Racial disparities in obesity among men are accompanied by positive associations between income and obesity among Black men only. Race also moderates the positive association between marital status and obesity. This study sought to determine how race, income, and marital status interact on obesity among men. Using data from the 2007 to 2014 National Health and Nutrition Examination Survey, obesity was measured as body mass index ≥30 kg/m 2  among 6,145 Black and White men. Income was measured by percentage of the federal poverty line and marital status was categorized as currently, formerly, or never married. Using logistic regression and interaction terms, the associations between income and obesity were assessed by race and marital status categories adjusted for covariates. Black compared to White (OR = 1.19, 95% CI [1.03, 1.38]), currently married compared to never married (OR = 1.45, 95% CI [1.24, 1.69]), and high-income men compared to low income men (OR = 1.26, 95% CI [1.06, 1.50]) had higher odds of obesity. A three-way interaction was significant and analyses identified that income was positively associated with obesity among currently married Black men and never married White men with the highest and lowest probabilities of obesity, respectively. High-income, currently married Black men had higher obesity rates and may be at increased risk for obesity-related morbidities.
Located in MPRC People / Caryn Bell, Ph.D. / Caryn Bell Publications
Article ReferenceComparing same- and different-sex relationship dynamics: Experiences of young adults in Taiwan
Background: Few studies of same-sex relationships are able to capture the dynamics of these relationships from formation to dissolution, and even fewer provide evidence on these dynamics in a non-Western context. Objective: Using retrospective relationship history data collected from a nationally representative sample of young adults, this study compares the processes of forming and terminating relationships between same- and different-sex couples in Taiwan, an Asian society featuring both strong parental influences on children’s mate selection and an ongoing legislative effort to legalize same-sex marriage. Results: Results from event history models show that factors associated with relationship formation and dissolution are largely similar for same- and different-sex unions and that same-sex relationships do not have higher dissolution rates. Nevertheless, premarital coresidence with parents, which is likely to amplify parental influences on children’s mate selection, deters the entry into and accelerates the dissolution of same-sex relationships more than it does different-sex relationships. Moreover, same-sex relationships are more heterogamous in family economic background, but more homogamous in age and education level, than different-sex ones. Contribution: This study is among the first to provide evidence on the dynamics of same- and different-sex relationships in a non-Western context. Aside from a few differences between same- and different-sex relationships related to parental influences, our study provides strong evidence that same- and different-sex couples experience intimacies in similar ways – even in a relatively conservative cultural context like Taiwan.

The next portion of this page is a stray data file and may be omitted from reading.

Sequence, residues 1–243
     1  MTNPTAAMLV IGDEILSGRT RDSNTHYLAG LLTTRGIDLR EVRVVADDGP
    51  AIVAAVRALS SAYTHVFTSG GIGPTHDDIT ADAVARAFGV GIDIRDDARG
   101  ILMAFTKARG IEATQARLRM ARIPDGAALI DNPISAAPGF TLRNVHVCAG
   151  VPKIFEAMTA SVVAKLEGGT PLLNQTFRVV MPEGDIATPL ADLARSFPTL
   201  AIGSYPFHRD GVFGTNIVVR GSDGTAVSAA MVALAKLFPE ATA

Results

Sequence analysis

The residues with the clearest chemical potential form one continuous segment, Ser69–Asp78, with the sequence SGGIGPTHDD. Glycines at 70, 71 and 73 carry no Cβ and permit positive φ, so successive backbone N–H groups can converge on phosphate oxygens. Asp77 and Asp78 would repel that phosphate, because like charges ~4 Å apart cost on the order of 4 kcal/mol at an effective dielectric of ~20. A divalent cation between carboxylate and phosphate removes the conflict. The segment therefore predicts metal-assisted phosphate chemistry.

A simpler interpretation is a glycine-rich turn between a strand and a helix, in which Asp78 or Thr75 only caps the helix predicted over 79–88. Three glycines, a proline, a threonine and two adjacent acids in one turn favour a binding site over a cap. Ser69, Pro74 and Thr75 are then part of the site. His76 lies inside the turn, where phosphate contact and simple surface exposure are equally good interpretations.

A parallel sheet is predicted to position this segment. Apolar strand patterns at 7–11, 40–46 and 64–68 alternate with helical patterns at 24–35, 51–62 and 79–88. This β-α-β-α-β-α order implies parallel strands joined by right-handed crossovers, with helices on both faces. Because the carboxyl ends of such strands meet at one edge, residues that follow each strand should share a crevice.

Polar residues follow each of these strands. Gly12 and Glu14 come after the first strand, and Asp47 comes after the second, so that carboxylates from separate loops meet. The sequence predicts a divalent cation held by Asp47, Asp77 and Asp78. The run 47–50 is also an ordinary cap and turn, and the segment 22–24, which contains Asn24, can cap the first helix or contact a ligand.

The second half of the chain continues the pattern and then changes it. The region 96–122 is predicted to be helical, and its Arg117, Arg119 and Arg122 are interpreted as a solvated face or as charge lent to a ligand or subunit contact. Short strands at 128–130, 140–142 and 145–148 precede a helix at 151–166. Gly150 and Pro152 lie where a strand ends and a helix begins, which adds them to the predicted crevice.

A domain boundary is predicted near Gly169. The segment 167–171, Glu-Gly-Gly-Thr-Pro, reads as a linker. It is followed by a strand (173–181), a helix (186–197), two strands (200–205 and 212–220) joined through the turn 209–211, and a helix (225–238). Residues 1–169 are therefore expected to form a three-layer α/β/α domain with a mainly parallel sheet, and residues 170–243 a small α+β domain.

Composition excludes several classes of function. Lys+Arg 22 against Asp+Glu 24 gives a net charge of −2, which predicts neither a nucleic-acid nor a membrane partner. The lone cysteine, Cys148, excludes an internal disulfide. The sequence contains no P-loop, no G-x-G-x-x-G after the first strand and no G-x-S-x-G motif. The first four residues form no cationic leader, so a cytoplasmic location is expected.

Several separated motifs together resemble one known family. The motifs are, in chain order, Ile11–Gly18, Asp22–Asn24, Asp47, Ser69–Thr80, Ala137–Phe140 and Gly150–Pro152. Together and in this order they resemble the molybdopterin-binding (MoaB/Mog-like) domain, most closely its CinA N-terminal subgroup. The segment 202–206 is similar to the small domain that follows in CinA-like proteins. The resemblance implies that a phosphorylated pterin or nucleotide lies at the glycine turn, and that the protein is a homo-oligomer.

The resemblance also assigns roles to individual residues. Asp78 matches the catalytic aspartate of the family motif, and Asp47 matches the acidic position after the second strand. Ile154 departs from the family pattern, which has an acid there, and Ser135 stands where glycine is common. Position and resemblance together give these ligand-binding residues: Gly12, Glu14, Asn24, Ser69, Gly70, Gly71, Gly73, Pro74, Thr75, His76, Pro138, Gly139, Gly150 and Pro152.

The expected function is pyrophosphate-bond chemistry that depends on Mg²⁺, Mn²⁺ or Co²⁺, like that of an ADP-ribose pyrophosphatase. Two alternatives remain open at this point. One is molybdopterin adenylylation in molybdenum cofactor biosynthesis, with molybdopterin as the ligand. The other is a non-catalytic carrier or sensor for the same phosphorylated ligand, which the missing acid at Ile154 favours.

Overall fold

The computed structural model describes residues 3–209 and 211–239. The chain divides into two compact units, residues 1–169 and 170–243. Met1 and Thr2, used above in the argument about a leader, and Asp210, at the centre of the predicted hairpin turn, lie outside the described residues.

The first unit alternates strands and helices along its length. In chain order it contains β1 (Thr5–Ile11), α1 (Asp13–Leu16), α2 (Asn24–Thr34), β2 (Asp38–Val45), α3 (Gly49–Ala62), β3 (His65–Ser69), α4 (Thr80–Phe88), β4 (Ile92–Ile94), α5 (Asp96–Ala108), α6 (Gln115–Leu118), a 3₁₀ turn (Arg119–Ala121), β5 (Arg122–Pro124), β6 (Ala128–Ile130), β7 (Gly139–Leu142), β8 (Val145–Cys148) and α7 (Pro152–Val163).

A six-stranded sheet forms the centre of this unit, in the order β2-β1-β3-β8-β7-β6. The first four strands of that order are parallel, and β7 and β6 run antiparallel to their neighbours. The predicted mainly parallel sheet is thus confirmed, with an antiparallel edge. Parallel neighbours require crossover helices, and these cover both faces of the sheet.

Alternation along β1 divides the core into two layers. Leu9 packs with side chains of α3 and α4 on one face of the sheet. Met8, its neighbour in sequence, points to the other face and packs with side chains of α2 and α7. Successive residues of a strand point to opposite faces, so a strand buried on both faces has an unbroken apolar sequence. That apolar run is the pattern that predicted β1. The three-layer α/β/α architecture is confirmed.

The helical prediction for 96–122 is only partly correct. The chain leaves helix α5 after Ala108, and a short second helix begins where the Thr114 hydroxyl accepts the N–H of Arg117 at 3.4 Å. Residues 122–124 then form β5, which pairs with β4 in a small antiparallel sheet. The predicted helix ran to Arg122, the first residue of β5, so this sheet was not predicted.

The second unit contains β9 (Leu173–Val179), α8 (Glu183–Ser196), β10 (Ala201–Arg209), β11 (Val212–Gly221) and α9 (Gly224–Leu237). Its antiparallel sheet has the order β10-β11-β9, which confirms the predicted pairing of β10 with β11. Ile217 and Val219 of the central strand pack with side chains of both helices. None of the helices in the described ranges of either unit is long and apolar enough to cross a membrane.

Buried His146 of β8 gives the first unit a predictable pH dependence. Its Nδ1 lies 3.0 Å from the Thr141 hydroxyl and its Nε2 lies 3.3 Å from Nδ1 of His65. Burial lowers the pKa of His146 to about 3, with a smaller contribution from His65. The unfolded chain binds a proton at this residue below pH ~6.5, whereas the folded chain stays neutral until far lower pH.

Located in MPRC People / Wei-hsin Yu, Ph.D. / Wei-hsin Yu Publications
Philip Cohen comments on U.S. women's selectivity in marriage
Well educated women tend to choose long lasting marriages
Located in News
Cohen: How to Live in a World Where Marriage Is in Decline
As marriage rates continue to fall, policies that try to steer people into marriage through financial incentives are only hurting children
Located in News
Debating the Future of American Marriage
Stable marriage increasingly linked to socioeconomic privilege
Located in News